Here’s Roman poet Juvenal handily translated from the Latin. “Already long ago, from when we sold our vote to no man, the People have abdicated our duties; for the People who once upon a time handed out military command, high civil office, legions – everything, now restrains itself and anxiously hopes for just two things: bread and circuses.” As the teeming masses of China and India need to think less of the source of their next plate of bread, the Olympics and the Indian Premier League are easy to cast as the circuses to which Juvenal refers. Ed Smith’s new book is a riposte to those who consider sport as little more than an outlet for adolescent energy and a diversion from the real competitions of life: Capital vs Labour; Women vs Men; Rich vs Poor. Who is Ed Smith and what is his case?
Behind that most ordinary of names, one finds a pretty ordinary cricket career. Schoolboy success seamlessly led to university matches, a contract with his home county Kent, a flurry of runs, an England call-up and swift discarding, captaincy and a clash with senior players (Andrew Symonds unsurprisingly to the fore) and a move to Middlesex, where he is preparing for his second season as the Lord of Lord’s. If you’ve followed those hyperlinks, you could be forgiven for believing that Smith is a classic example of the chinless wonder, a man propelled by privilege, sustained by the old school tie and found out by the brutality of sport’s unforgiving meritocracy.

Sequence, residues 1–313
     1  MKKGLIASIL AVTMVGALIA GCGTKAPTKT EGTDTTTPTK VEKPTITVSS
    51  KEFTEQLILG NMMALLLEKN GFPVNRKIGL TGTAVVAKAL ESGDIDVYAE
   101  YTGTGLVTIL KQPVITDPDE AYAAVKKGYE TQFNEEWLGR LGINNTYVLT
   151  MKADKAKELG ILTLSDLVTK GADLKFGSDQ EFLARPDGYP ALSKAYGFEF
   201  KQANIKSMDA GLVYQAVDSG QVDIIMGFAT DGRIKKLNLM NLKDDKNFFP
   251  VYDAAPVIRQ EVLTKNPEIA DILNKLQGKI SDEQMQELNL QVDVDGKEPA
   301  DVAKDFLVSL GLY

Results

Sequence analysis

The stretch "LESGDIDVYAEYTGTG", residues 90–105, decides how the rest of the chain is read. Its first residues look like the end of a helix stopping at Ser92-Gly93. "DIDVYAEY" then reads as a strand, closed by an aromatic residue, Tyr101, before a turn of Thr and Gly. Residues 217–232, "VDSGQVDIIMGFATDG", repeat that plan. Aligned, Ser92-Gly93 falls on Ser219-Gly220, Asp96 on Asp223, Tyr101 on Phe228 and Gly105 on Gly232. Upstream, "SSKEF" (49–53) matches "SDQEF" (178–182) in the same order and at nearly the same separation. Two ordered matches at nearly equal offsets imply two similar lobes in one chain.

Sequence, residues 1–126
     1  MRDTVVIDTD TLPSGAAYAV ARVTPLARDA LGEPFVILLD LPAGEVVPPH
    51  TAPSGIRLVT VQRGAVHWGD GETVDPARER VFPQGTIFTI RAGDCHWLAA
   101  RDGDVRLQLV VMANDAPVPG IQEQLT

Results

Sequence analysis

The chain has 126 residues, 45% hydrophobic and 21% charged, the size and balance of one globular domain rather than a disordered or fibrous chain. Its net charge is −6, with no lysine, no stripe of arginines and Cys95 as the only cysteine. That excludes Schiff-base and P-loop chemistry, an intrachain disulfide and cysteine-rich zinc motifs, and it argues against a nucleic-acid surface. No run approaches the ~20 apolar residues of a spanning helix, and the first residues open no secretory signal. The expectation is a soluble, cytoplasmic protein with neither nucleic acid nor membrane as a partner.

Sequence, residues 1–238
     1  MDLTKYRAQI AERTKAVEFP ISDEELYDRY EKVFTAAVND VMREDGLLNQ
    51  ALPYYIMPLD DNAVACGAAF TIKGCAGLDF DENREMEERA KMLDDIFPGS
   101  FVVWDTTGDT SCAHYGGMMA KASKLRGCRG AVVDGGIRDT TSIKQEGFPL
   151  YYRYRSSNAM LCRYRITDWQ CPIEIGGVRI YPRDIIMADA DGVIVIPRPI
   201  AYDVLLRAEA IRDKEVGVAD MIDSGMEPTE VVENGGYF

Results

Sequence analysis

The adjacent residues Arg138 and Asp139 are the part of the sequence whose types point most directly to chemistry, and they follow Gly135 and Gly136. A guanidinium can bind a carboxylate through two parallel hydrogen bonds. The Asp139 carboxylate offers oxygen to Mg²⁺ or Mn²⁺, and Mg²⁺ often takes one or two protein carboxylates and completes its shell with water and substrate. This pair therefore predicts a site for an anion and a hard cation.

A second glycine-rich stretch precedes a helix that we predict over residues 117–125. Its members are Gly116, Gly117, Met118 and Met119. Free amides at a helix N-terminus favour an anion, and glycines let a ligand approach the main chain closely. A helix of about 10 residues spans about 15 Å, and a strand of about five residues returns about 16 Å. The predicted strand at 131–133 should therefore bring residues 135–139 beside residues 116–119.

But Smith’s ordinariness stops there. Like his predecessor as Middlesex captain, Mike Brearley, he used his intellectual gifts to excel in his education and then to think deeply about sport. At the age of 30, this is Smith’s third book, after the highly acclaimed On and Off the Field: Ed Smith in 2003 and Playing Hard Ball: County Cricket and Big League Baseball.
Three years in the making, the book is structured as fifteen essays topped by an introduction and tailed with “Further Reading” (which I’m almost certain Smith referred to as “bibliography” before the marketing men got hold of it). Most essays start with a question or a phrase capturing received wisdom, then spin through a myriad of examples from sport, philosophy, business, history and many other fields – at times, Smith comes across as a walking wikipedia. But, and this is the real triumph of his writing, Smith hides his immense learning in a style reliant on short sentences making pithy points, with a thread of wryly understated humour and humility weaving in and out of his arguments. It’s not a tutorial, but it’s not quite a late-night conversation over brandies either.